If you are looking for some good escapist literature, something a little frothy and very fun, I can heartily recommend to you Elizabeth Peters. It's a testament to her storytelling abilities, keeping in mind how much I have been struggling with finishing books in a reasonable manner this year, that I finished Legend In Green Velvet in well under a few weeks since choosing it from my TBR pile. It has taken me a while to write about it, and on that front I have lots of catching up to do. It was definitely a wise (though difficult if you look at the other contenders) choice and perfect summertime reading. Perhaps, though, frothy is an unfair word as that makes it sound as though the story is without much substance, and that is not the case at all.
Elizabeth Peters is a pseudonym for Barbara Mertz who sadly passed away a few years ago. She has left behind, however, quite a catalog of books she wrote under various names, including the very delightful (and I must get back to them) mysteries set in Victorian England and Egypt starring Amelia Peabody. I say starring as Amelia is a wonderful character and she 'owns' those stories, if you know what I mean. Her personality utterly shines through on each page. Peters was not just a very prolific author, she also was an Egyptologist and was obviously well versed in the times and places in which she set her novels.
Legend in Green Velvet might be a fun and entertaining read, but Peters was no slouch when it came to doing research. The novel is set in Scotland, ca. 1976 (the year the book was published) and the story's heroine, Susan, can rattle off to you (I can hear Peters sharing her knowledge here) just about anything you would like to know about Scottish history. Susan is smart and independent but a romantic, too, and has something of a crush on Bonnie Prince Charlie. As a matter of fact her devotion to all things Scottish will first get her into trouble and then aid her in getting out of it as well.
"Shadows of the historic dead had companioned Susan's childhood, not replacing normal friendships, but adding a rich and secret dimension to life. It had to be secret; the other kids would have laughed at her if they had suspected the extent to her preoccupation with the past, and Susan couldn't risk that, for mockery would have destroyed the fragile ghosts. She ran and swam and rode her bike as energetically as her friends, but her daydreams were peopled with shadowy warriors and princes."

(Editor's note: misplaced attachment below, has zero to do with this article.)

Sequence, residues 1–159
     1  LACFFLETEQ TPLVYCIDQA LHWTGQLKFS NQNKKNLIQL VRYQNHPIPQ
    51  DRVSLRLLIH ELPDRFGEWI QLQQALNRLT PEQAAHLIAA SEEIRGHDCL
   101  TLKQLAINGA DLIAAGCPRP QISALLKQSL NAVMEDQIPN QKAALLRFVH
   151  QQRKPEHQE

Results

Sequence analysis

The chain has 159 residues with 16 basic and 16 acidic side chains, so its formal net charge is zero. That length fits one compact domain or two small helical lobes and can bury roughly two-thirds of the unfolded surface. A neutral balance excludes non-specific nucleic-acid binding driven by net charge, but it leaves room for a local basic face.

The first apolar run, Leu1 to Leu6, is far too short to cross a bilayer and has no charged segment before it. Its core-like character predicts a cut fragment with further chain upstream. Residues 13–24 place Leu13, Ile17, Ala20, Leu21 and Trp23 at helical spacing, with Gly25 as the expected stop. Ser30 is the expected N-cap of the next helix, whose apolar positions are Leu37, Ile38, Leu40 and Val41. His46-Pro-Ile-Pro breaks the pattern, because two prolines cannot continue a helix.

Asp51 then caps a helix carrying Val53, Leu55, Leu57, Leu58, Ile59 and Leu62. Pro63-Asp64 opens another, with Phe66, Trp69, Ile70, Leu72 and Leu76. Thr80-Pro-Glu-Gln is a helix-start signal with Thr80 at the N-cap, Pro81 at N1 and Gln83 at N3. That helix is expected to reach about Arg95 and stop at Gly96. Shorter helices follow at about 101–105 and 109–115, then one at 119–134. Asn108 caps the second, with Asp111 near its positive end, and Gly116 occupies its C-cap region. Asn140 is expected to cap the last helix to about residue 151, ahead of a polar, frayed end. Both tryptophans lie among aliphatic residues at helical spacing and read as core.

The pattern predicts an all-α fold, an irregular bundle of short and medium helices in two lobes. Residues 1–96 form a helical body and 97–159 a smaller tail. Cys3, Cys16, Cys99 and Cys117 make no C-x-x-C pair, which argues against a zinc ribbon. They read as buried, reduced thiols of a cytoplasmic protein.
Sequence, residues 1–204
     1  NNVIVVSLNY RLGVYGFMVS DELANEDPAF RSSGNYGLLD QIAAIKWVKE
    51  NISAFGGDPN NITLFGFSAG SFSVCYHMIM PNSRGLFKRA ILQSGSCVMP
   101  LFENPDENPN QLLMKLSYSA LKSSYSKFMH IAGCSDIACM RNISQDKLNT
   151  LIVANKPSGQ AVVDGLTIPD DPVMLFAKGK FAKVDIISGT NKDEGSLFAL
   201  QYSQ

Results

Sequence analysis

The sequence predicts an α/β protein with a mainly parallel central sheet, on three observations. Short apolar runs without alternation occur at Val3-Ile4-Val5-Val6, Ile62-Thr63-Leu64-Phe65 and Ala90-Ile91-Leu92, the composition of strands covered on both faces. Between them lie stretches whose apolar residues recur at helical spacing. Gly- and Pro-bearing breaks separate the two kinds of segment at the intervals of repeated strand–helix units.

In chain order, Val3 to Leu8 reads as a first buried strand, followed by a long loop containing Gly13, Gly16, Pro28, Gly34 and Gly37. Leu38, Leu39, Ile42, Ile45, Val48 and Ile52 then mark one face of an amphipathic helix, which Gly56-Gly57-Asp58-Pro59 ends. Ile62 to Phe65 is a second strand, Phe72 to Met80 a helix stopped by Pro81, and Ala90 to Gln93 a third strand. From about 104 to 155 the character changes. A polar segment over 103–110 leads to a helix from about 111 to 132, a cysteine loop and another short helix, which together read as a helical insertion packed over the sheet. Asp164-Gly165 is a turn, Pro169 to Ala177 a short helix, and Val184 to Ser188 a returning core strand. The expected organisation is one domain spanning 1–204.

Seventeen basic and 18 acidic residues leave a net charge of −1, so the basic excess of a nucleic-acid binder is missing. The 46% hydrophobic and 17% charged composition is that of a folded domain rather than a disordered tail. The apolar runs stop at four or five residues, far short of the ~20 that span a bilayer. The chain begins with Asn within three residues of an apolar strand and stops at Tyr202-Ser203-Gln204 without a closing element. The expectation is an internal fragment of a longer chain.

Susan, an American college student, has come to Edinburgh on her way to an archaeological dig where she will spend the summer. With a day or two to spend at her leisure before starting off on her journey north, she of course plans on soaking up as much Scottish history as she can. But in that day she is accosted by an elderly Scot who thrusts a piece of paper in her hand--a note with the most extraordinary verse in old-fashioned writing. It seems nonsensical until she later finds the same man murdered in his home. By then she has been hit upon by a tall, dark and handsome stranger, had her hotel room ransacked and been questioned by the local police (who think she must be crazy since she seems to be missing only that scrap of paper), been in a chase resulting in her slipping on the stone steps and grazing her knees and then 'befriended' (hmm, is that the right word . . . ) by a rather scruffy young Scotsman with overly long hair and wearing a kilt.
There is a reason for the hair which the reader will understand later in the story, and the kilt is a costume for a party James is on his way to--when he literally runs into Susan. It's all a whirlwind from then on. He escorts her to his family party where his aunt cleans up her scrapes but their run in with the body of Auld Tammas (our man with the note) puts them in a precariously dangerous situation as they try and avoid not only the clutches of the police but also that of the ridiculously handsome man whose nastiness matches his good looks in equal measure.
You can call this a story of romantic suspense quite similar to Mary Stewart or Susanna Kearsley, though the Peters will be a bit heavier on cultural and historical references. It was written in the 70s and there are overtones of the times in the language she uses and the dialogue between characters, but somehow this all feels part of the fun and charm of the story. It did elicit a chuckle to hear (though thankfully not by our hero) Susan referred to as a 'chick'. How very 1970s. There is lots of suspense, plenty of history and a nice dash of romance. It's quite a fun romp actually and a reminder of how much I have enjoyed Elizabeth Peters' writing. I look forward to revisiting Amelia Peabody but also will keep in mind more of her other standalone novels when in need of something smartly entertaining.